Despite being a Canadian, I’m not a fan of snow or the cold weather unless I’m looking outside a window with a cup of hot chocolate or a caramel latte in my hands. 😉
Before we know it, spring will be here. I can hardly wait! Can you?
Spring spells more rain, but I actually like carrying an umbrella. You know those clear, domed ones? Those are the kind I like, but haven’t been able to find an affordable one yet. And I’ve been tempted to buy a frog umbrella – the green ones that have the ears sticking up.
And when I think about spring, I can’t help but think about lilacs. They’re by far my favourite flowers because they smell heavenly and they have clusters of tiny flowers!
What are your favourite flowers?
It’s such a shame that lilacs don’t last very long in the spring, but perhaps that’s a reminder for us all to appreciate the good things while they are here. 😉
In today’s Smorgasbord Sundays post, I’ll share with you some photos of lilacs as well as interesting information about them.
There are a myriad of different lilac colours and hybrids. Some are solid, others have contrasting outlines, and there are even ones that have serrated edges!
Although I love the look of all of them, my absolute favourite is the classic solid-light-purple variety. I also think that it smells the best.
Here are some lovely photos of my favourite kind of lilacs:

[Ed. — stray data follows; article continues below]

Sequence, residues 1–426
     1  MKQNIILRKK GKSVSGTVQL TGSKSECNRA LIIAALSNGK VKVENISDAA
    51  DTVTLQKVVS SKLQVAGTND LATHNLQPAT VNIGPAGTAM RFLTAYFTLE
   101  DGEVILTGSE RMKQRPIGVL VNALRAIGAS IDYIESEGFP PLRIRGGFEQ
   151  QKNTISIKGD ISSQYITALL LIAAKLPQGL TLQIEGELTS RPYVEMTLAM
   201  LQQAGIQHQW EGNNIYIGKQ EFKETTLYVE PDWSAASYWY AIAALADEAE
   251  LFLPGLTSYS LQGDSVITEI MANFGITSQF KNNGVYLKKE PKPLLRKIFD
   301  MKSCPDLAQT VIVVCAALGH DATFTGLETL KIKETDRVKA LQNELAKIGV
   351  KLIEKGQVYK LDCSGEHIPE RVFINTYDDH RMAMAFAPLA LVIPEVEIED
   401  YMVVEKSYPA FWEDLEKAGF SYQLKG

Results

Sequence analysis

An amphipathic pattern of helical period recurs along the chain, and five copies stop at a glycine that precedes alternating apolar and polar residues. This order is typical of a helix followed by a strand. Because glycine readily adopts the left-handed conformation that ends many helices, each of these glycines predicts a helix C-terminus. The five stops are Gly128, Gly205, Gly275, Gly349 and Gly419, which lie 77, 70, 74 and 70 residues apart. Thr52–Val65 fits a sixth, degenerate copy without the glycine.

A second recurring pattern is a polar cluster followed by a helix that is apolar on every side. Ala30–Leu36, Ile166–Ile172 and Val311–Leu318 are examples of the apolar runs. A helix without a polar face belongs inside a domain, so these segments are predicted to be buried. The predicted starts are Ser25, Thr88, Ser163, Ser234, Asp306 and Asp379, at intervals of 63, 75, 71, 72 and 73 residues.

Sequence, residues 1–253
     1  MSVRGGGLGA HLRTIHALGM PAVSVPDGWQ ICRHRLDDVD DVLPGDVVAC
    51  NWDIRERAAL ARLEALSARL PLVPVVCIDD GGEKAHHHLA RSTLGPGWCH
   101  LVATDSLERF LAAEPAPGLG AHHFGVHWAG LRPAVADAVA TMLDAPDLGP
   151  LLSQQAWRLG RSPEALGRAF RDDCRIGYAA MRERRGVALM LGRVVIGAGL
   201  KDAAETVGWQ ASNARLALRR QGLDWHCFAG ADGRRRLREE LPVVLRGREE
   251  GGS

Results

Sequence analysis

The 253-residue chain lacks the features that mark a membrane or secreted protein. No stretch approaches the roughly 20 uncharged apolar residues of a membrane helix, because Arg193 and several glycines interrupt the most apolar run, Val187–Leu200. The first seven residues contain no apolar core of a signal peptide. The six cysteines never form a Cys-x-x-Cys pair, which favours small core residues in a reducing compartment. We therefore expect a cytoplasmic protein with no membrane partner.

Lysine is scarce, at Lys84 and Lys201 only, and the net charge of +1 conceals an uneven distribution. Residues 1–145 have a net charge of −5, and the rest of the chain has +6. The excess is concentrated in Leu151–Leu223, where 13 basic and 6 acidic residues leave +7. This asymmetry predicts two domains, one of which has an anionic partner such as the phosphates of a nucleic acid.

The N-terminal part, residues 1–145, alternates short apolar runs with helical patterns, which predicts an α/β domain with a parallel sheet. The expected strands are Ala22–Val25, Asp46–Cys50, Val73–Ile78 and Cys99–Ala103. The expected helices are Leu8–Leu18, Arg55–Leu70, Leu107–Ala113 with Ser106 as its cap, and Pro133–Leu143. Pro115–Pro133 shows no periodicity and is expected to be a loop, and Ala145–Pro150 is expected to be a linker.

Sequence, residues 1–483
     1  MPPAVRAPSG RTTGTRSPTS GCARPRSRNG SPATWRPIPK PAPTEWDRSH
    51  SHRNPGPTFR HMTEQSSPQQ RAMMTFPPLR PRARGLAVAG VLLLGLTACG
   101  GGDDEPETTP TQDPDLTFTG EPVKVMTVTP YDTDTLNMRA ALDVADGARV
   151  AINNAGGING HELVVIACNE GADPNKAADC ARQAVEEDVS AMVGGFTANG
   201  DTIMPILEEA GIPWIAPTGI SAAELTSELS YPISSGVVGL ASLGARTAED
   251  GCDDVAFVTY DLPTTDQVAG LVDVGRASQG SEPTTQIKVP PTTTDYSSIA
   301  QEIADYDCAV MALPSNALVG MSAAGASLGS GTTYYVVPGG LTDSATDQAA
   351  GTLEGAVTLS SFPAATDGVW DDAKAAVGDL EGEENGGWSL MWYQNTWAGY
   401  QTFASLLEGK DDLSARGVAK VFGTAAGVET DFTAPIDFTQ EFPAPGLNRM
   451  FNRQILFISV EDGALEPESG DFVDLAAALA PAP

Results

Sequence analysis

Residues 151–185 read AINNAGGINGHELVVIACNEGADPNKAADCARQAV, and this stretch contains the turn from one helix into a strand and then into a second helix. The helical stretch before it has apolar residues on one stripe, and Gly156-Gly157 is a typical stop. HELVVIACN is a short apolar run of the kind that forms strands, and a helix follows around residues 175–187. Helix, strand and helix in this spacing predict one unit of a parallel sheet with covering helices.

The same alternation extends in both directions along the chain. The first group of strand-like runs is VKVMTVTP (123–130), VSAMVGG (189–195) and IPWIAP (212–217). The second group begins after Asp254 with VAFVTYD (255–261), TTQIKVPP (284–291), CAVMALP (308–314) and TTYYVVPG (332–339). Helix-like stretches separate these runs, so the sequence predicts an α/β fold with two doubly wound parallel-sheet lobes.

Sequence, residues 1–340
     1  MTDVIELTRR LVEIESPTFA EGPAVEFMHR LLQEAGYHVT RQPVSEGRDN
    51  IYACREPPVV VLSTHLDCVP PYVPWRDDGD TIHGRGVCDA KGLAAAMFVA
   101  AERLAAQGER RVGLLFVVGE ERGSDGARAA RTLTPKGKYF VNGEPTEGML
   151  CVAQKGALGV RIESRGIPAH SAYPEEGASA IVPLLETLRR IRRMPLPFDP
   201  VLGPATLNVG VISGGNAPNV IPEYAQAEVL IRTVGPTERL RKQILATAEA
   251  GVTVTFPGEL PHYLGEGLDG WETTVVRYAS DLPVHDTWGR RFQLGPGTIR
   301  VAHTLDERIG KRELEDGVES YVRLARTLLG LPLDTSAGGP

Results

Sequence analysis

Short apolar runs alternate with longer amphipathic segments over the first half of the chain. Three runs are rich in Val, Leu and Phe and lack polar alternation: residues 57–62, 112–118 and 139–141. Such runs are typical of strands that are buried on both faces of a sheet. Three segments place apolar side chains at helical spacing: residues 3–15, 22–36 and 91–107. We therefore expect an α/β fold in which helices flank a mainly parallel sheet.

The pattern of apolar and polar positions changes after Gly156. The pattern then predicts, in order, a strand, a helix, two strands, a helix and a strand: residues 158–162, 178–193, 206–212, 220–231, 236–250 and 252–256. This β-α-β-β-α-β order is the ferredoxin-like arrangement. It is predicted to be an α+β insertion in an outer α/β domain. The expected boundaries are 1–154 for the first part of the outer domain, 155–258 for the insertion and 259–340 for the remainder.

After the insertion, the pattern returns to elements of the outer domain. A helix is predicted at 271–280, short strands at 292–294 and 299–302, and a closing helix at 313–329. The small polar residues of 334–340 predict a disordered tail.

I’m not big on wearing perfume that’s heavy on the floral notes, but if I ever find one that smells like authentic lilacs, I may go temporarily insane!
(When I found the Slatkin & Co. Lilac Blossom Candle, I went head over heels because the scent is true-to-life.)
This one’s a variation of the lilacs I like. You’ll notice that the petals are curled.
Some Interesting Things I Read About Lilacs from Wikipedia & Various Sources:
- Lilacs symbolize love. (Hmm, I always thought roses were associated with that more and that lilacs symbolized puppy love.)
- Syringa vulgaris (the Latin name for the common lilac) is New Hampshire’s state flower. It’s “symbolic of that hardy character of the men and women of the Granite State.”
- They can grow from 6′ 7″ to 32′ 10″ tall!
- Each flower is just 5 to 10 mm in diameter.
- Some species of Lepidoptera larvae like the Copper Underwing and Scalloped Oak eat lilacs
- Some lilacs have yellow blooms. (I’ve never seen these before. Have you?)
- If you want to successful grow lilacs, make sure they have full sun and that the soil is neutral and rich with high organic matter.
- Once lilac blooms wilt, immediately remove them because this will encourage more blooms in the following year.
What are your favourite flowers? Do you buy fresh-cut flowers, or do you prefer potted ones? Will you be doing any gardening this spring?
Hope you all are having a wonderful Sunday so far! 🙂